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Supreme Court, Appellate Division, First Department, New York.

CARTESIAN BROADCASTING NETWORK, INC., Plaintiff-Appellant, v. ROBECO USA, formerly known as Weiss, Peck & Greer, LLC, Defendant-Respondent.

Decided: August 16, 2007

SULLIVAN, J.P., WILLIAMS, GONZALEZ, SWEENY, KAVANAGH, JJ. Steven R. Payne, New York, for appellant. Arkin Kaplan Rice LLP, New York (Alan Arkin of counsel), for respondent.

Order, Supreme Court, New York County (Charles Edward Ramos, J.), entered June 13, 2005, which granted defendant's motion to dismiss plaintiff's complaint as barred by collateral estoppel, unanimously affirmed, with costs and disbursements.

 Plaintiff, an Internet advertising company with its principal place of business in New Jersey, alleges that its trade secrets were misappropriated by two employees of defendant, a limited liability company with its principal place of business in New York, and that the misappropriated secrets were given to plaintiff's competitor, Predictive, a company with its principal place of business in Massachusetts, in which the two employees were investors.   In a prior Massachusetts action brought by plaintiff against defendant and others, the latter moved to dismiss the complaint as against it for lack of personal jurisdiction.   In opposing that motion, plaintiff claimed that defendant, through its employees' harmful activities in Massachusetts, had created a sufficient jurisdictional predicate for the Massachusetts action against defendant on a theory of respondent superior.   The Massachusetts court rejected that contention, finding that the cited allegedly tortious acts of defendant's employees were not committed within the scope of their employment.   The Massachusetts adjudication of plaintiff's respondent superior theory is binding upon plaintiff in this subsequent action (see Jarosz v. Palmer, 436 Mass. 526, 766 N.E.2d 482 [2002] ), in which plaintiff's burden of persuasion is the same as it was in the prior action, and is preclusive of plaintiff's present claims, all of which seek to hold defendant liable by reason of the conduct of its employees.   We note in this connection, that under Massachusetts Rule of Civ. Procedure 41(b)(3), a dismissal for lack of jurisdiction is not an adjudication on the merits (see DiBello v. St. Jean, 106 R.I. 704, 707, 262 A.2d 824, 825 [1970] ).   Such a judgment may nonetheless preclude relitigation of questions actually decided (Estevez v. Nabers, 219 F.2d 321, 323-324 [5th Cir.1955];  Restatement [Second] of Judgments § 27, Comment b;  Restatement [Second] of Conflict of Laws § 110;  Annotation, Res Judicata Effect of Judgment Dismissing Action for Lack of Jurisdiction, 49 A.L.R.2d 1036, § 5b).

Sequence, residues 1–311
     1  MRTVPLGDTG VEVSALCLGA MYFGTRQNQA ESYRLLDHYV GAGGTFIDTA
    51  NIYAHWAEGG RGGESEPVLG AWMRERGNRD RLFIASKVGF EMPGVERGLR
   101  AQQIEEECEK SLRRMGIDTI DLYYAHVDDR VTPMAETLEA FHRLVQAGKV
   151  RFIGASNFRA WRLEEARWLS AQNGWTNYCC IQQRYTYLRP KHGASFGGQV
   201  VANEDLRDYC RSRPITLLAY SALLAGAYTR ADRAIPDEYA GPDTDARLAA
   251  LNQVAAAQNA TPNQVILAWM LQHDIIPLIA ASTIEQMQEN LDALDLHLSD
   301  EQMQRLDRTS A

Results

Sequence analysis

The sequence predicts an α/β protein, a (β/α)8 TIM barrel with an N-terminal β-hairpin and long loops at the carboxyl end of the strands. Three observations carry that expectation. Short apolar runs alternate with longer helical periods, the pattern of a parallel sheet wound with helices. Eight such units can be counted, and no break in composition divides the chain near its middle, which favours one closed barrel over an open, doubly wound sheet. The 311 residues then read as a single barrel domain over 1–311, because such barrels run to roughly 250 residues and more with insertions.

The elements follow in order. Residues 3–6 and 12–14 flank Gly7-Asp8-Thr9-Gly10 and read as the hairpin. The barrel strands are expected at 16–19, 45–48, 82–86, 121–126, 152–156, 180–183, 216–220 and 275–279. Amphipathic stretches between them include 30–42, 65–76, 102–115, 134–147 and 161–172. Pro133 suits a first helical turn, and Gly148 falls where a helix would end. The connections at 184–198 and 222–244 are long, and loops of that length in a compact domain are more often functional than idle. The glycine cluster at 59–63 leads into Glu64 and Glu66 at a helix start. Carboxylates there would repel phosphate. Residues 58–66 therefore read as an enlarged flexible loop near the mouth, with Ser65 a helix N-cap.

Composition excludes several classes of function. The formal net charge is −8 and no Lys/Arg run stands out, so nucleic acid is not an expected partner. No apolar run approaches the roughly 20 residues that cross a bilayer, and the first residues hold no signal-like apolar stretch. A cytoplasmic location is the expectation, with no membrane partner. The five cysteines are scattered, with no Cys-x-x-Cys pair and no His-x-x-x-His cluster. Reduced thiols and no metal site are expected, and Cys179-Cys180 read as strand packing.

Plaintiff's argument that it has pleaded direct claims against defendant in this action fares no better than its claims based on collateral estoppel.   The Massachusetts court did in fact rule that “there is no evidence that WPG itself (or any of its funds) has directly caused any injury to Cartesian in Massachusetts or anywhere else.”   Plaintiff's direct claims, based on defendant's negligence in failing to supervise adequately or control the two employees, depend on the key allegation that the employees disclosed plaintiff's trade secrets to Predictive, which used the information improperly.   The Massachusetts court's holding that the two employees were acting outside the scope of their employment precludes these claims as well.   Thus, all of plaintiff's direct claims are precluded.